Okay, this one needs a bit of background for any neophytes.
In 1966, writer Dave Wood, who also co-created Challengers of the Unknown, co-created a new feature in House of Mystery. It involved a boy named Robby Reed, who used an old school telephone dial (no phone, just the dial). By dialing H-E-R-O, he transformed into a random superhero.
Here's an example of one of his transformations.
The original storyline ran through 17 issues of insipred silliness, with a couple of random appearances by the character in the 1970s.
The stories were silly fun, fairly imaginative 1960s superhero fare.
One of Robby's transformations was to the classic version of Plastic Man, who had been neglected in comics for many years at that point.
There was a revival of the character in the 1980s, covering eleven issues of Adventure Comics (a title that never should have been canceled).
A couple more spot appearances, then nothing until 2003.
The 2003 H.E.R.O. series ran for 22 issues. Here the focus was on the dial itself, and its effect on those who used it, reminiscent of the interaction of the Helmet of Nabu and those who become Dr. Fate by wearing it.
This brings us to the current series, Dial H, written by SF writer China Mieville and illustrated by Mateus Santolucco.
Meiville is a scary talented writer. I loved his dense, poetic novel The City and the City, and I'm embarrassed to say I've yet to read his multiple award winner and nominee Perdido Street Station. Meiville is also so politically active and aware he makes me look like a conservative. Scary, that.
His work here is a bit of a departure in some ways.
The story follows the original model: unwitting guy, attempting save his friend from a beating, accidentally dials H-E-R-O, this time in a deserted and ramshackle phone booth, and transforms into a superhero.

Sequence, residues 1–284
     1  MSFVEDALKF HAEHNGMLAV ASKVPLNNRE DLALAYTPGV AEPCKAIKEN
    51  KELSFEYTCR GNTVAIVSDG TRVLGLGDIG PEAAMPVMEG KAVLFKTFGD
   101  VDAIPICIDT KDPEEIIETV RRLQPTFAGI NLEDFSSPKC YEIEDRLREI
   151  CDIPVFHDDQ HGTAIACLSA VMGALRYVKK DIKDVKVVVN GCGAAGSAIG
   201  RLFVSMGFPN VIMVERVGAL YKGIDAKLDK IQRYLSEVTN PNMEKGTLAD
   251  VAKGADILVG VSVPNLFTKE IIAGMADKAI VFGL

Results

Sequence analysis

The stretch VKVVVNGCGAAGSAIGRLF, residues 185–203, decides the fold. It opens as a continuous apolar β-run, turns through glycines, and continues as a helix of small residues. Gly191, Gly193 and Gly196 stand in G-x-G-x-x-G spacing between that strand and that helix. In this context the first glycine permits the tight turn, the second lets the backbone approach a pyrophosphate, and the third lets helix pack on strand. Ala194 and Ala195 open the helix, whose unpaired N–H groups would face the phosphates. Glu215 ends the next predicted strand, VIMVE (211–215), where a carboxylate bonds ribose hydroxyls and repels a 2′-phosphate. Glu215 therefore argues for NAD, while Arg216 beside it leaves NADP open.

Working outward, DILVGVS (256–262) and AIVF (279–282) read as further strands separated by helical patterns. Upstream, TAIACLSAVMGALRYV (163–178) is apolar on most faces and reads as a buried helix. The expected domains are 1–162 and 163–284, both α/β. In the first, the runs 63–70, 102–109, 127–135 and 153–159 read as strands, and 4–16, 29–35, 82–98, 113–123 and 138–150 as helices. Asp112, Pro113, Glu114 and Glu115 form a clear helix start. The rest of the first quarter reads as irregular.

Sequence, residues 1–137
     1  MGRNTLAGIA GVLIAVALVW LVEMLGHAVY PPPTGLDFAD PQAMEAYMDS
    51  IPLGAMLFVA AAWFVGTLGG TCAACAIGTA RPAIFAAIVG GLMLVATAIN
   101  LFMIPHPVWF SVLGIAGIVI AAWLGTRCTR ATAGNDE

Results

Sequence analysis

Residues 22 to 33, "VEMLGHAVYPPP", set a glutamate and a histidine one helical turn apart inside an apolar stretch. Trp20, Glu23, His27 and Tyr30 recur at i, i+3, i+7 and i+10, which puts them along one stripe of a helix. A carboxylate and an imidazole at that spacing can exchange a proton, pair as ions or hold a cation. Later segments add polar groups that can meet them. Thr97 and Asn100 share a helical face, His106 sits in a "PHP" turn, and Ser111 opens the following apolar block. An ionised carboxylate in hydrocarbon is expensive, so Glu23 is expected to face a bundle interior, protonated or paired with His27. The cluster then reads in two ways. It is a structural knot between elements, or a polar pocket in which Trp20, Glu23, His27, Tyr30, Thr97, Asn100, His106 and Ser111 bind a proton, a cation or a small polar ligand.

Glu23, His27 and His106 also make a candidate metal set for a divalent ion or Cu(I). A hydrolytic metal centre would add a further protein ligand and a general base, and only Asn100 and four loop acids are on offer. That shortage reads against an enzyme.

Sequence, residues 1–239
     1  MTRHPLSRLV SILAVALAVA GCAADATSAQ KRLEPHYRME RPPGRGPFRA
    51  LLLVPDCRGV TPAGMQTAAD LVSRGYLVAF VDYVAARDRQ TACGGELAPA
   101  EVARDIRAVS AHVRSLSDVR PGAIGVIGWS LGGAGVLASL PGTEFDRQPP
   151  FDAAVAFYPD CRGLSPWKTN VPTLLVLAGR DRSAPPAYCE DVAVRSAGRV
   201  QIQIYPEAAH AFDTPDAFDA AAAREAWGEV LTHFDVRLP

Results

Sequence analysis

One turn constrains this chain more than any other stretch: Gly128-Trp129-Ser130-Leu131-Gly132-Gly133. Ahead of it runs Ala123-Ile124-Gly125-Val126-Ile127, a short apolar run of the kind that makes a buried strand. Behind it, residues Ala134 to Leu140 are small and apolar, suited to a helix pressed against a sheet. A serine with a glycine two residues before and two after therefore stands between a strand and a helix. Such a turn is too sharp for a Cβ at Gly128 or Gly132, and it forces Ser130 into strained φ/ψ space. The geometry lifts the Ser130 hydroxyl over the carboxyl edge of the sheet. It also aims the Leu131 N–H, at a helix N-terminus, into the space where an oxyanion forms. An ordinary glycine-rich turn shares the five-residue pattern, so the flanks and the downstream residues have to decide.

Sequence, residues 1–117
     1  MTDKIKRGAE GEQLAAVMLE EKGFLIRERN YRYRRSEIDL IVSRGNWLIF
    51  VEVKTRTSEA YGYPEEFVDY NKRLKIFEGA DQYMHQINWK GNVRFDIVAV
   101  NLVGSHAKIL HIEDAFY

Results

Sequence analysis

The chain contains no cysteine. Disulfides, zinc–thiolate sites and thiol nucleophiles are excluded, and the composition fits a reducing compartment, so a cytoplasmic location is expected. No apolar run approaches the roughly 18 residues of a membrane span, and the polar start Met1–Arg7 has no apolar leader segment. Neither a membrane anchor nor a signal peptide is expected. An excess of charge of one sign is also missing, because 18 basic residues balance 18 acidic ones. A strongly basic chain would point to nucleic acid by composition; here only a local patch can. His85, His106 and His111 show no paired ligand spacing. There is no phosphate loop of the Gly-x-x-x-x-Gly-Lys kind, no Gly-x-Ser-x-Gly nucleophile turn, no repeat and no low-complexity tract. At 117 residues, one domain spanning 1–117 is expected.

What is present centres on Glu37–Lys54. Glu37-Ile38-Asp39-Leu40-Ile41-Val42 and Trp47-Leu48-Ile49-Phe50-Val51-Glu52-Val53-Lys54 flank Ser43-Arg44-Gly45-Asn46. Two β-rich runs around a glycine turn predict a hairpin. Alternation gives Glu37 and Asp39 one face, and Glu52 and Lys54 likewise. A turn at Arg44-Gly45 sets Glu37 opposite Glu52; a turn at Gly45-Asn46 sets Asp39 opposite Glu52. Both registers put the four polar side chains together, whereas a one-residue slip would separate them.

This time, the guy is a down on his luck middle-aged slob, jobless, hopelessly obese and depressed, and alone save one friend who's just about had it with him.
Meiville's story is infused with acerbic wit. Now ordinarily I'm not a big fan of snark (unless, of course, it's my snark). But it's to Meiville's credit as a writer that the characters retain their humanity and that we can and do still care about them in the midst of this silliness.
The book maintains genuine excitement and tension in the midst of the silliness. One need only watch the classic Abbot and Costello Meet Frankenstein to see how this is possible. The central plot involves an adversary, Ex Nihilo, who is putting people into comas as part and parcel of an inter-dimensional plot.
Here's a sampling of issue 1's adventure and absurdity.
a wave of talent from Brazil that both Marvel and DC/ Vertigo have used to great effect in recent years (think daytripper, the current Justice League and Green Lantern), this is quite welcome, and reminiscent of the influx of Filipino artists in the 1970s.
This is part of the "second wave" of DC's New 52- a bit disingenuous in my mind. If it's still "new", how can it already have a second wave?
The first issue sold just over 45,000, a little more than half of Batman's current sales averages. Following the current belief that single issue sales are merely loss leaders for TPBs (the first volume of Dial H, titled Into You, is due out in April 2013), the figure is acceptable, and the book seems to be holding its own.
I do have concerns about marketing. After all, there's no central hero costume to sell, and the merchandising? Toy phone dials in the second decade of the 21st century? I don't think so! Can't really use the phone booth itself, it's sort of been done.
Number 11 was the same.
Tomorrow, we'll look at Number 10, which should sort of end the century. Maybe.